A second recent study by Dr Fang challenges another traditional view of English language teaching: that English as a foreign language is best taught through the medium of English.
In the last 20 years scholars have begun to question monolingualism in the classroom. Empirical evidence in support of multilingualism has come from critical applied linguistics and cognitive psychology. In this way language is understood as a social practice, and students’ own language-learning skills are regarded as valuable linguistic and cultural capital.
As a result, the academic focus has turned to ‘translanguaging’. This rejects the view that only English should be spoken in the classroom and instead advocates making use of a student’s linguistic skills and capabilities in the acquisition of a second language. The term translanguaging originated in Wales, where the concept developed, and in various contexts including primarily Europe and North America. However, research in a Chinese context is scarce.
Dr Fang’s study was based at a university in south-east China where students not only learn English in English language classes, but are also taught through the medium of English on some courses. The research aimed to find out what kind of translanguaging was carried out at the university and what teachers’ and students’ attitudes to it were. Using a mixed methods approach, data were collected by means of classroom observation, an online questionnaire and semi-structured interviews.
The findings showed that, despite the English-only policy, some teachers did utilise translanguaging strategies to facilitate teaching, for example to check students’ understanding and content knowledge.
Students were in general neutral to positive in their attitude towards translanguaging, with some arguing that it was a natural practice that improved their confidence and supported learning, helping them to understand key concepts. Some students also reported that it helped less-proficient students.
“English is a global language that is owned by all those who speak it.”
Teachers differed in their responses. Some used it as a tool to facilitate concept-checking and comprehension. It was also used less frequently to help manage the classroom and engage classroom rapport. Teachers commented that whether they adopted a bilingual approach depended on the context, explaining that some content was more open to translanguaging. Like the students, they also believed that it helped less-proficient students.
Exploring translanguaging further
Dr Fang finds that the study showed that translanguaging strategies in both teaching contexts were mainly used “as a tool for unpacking knowledge and managing classroom interactions.” Translanguaging was not yet used as a means to develop students’ “positive bilingual identity” and most teachers were unaware of its potential to do so.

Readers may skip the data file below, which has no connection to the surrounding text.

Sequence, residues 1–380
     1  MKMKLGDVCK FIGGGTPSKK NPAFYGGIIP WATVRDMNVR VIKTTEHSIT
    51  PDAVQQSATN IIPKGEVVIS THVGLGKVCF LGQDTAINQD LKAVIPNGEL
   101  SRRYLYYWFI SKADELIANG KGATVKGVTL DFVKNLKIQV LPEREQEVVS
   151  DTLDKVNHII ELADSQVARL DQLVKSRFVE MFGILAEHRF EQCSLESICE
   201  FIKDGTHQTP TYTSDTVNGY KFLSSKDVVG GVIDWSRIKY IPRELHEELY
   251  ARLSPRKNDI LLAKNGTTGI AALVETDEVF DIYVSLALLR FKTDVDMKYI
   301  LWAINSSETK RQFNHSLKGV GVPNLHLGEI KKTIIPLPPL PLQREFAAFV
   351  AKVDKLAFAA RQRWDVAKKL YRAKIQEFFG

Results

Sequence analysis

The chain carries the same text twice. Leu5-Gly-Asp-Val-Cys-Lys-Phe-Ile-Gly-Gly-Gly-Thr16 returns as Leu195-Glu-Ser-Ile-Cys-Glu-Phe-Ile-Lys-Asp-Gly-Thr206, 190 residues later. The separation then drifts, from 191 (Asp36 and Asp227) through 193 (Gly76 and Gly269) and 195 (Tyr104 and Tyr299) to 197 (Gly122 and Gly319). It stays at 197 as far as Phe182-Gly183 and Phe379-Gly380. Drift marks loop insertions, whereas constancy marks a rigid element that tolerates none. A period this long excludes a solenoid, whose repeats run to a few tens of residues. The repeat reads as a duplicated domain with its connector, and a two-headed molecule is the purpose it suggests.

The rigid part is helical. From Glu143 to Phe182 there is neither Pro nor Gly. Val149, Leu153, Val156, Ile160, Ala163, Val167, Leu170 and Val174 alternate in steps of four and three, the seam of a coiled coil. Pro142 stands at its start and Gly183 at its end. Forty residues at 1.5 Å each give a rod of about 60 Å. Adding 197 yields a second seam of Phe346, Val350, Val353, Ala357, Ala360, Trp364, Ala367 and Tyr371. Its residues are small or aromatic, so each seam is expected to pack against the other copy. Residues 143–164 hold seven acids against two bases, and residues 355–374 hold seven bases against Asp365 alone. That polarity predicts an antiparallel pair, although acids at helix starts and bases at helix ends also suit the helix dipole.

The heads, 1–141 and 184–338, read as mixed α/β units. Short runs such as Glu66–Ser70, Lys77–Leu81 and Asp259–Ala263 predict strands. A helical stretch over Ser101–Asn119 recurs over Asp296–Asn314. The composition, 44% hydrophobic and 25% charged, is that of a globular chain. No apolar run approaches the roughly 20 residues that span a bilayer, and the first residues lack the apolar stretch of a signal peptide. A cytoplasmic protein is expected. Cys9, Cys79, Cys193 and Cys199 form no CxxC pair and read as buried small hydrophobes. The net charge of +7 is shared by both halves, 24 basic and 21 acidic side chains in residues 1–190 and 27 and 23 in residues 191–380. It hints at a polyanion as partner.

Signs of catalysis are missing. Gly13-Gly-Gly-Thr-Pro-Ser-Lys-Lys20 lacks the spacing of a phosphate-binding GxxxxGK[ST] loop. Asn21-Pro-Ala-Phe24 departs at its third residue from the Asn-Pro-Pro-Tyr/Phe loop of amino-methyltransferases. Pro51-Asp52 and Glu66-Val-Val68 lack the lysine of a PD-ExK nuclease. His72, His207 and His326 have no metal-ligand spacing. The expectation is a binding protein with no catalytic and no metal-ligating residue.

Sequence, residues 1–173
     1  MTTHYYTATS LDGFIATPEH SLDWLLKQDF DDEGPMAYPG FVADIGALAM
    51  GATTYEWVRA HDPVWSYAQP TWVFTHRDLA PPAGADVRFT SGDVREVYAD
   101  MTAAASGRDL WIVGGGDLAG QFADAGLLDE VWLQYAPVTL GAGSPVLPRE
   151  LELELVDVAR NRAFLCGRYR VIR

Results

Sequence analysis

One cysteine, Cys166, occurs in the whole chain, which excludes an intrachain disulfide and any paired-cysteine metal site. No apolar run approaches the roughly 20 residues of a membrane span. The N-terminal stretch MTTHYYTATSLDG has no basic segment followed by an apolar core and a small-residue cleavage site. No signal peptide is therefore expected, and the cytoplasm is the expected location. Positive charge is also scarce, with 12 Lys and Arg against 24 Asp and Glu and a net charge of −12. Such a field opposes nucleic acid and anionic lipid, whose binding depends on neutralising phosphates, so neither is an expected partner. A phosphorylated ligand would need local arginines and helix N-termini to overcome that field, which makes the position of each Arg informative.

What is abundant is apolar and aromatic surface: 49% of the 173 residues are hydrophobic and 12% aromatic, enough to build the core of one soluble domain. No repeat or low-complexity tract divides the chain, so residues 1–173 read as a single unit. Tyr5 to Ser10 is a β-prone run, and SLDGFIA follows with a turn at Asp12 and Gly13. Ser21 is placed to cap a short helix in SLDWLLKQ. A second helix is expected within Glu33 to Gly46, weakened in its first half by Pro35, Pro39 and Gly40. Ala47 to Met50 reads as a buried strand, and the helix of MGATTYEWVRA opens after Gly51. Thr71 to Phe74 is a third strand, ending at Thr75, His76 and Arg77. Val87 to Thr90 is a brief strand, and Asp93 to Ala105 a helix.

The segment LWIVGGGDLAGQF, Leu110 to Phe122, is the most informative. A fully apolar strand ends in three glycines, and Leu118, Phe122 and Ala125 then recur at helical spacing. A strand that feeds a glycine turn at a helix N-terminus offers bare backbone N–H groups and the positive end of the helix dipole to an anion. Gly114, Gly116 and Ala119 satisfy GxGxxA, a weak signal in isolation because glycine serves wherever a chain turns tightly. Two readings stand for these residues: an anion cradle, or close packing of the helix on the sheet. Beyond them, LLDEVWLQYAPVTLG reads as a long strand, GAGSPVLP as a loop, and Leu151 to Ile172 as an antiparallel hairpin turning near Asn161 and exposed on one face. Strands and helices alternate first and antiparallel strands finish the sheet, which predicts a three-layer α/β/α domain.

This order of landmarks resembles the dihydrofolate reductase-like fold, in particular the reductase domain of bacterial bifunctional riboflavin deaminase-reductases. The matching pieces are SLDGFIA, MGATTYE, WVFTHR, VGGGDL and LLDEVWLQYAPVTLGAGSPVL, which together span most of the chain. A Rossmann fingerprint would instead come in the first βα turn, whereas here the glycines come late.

While arguing that his study “provides evidence for the legitimacy of translanguaging approaches,” Dr Fang acknowledges that universities’ and other institutions’ strict monolingual policies deter teachers from implementing translanguaging in the classroom. As a result translanguaging in teaching through the medium of English, and in teaching English as a foreign language, remains “under-explored” and would repay both greater academic attention and the development of “contextualised translanguaging pedagogical strategies.”
A global language
Dr Fang’s message is clear. Now that the number of non-native English speakers far surpasses that of native speakers, English is a global language that should be owned by all those who speak it. Students should be taught how to use English in the variety of settings in which they will encounter the language. They should also be allowed to use their own linguistic and multimodal resources to help them acquire English as a second language.
The argument against monolingualism in the EFL classroom is mounting but changing the learning paradigm is a huge task. What do you believe would be the most persuasive argument to win stakeholders around?
Language learning from the monolingual perspective does not reflect the current linguistic landscape. The fields of applied linguistics and language education need to recruit policymakers who specialise in language teaching and learning with an understanding of people’s multilingual resources as their linguistic repertoire. Stakeholders should also realise that translanguaging with various multimodal, semiotic resources should not be regarded as language deficit. It is hoped that language assessment will also incorporate the components of Global Englishes and translanguaging to test people’s real-life competence in language use.
- Fang, F. & Ren, W. (2018). Developing students’ awareness of Global Englishes. ELT Journal, 72(4), 384-394. DOI: 10.1093/elt/ccy012
- Fang, F. & Liu, Y. (2020). ‘Using all English is not always meaningful’: Stakeholders’ perspectives on the use of and attitudes towards translanguaging at a Chinese university. Lingua 247. DOI: 10.1016/j.lingua.2020.102959
- Fang, F. & Liu, Y. (2020). Translanguaging Theory and Practice: How Stakeholders Perceive Translanguaging as a Practical Theory of Language. RELC Journal. https://doi.org/10.1177/0033688220939222
Fan Fang’s research interests include Global Englishes, language attitude and identity, sociolinguistics and language education.
- Li Ka Shing Foundation
- Guangdong Philosophy and Social Sciences Planning Project (GD17XWW07)
- Projects of the 13th Five-Year Plan Education and Science Research on Philosophy and Social Science, Guangdong (2019GXJK194)
- Wei Ren (Beihang University)
- Yang Liu (Shanghai University)
Fan Fang obtained his PhD from the Centre for Global Englishes, the University of Southampton, UK. He is currently Associate Professor at the College of Liberal Arts, Shantou University, China.
Address: Fan Fang
243 Daxue Road, College of Liberal Arts, Shantou University, Shantou, Guangdong, China, 515063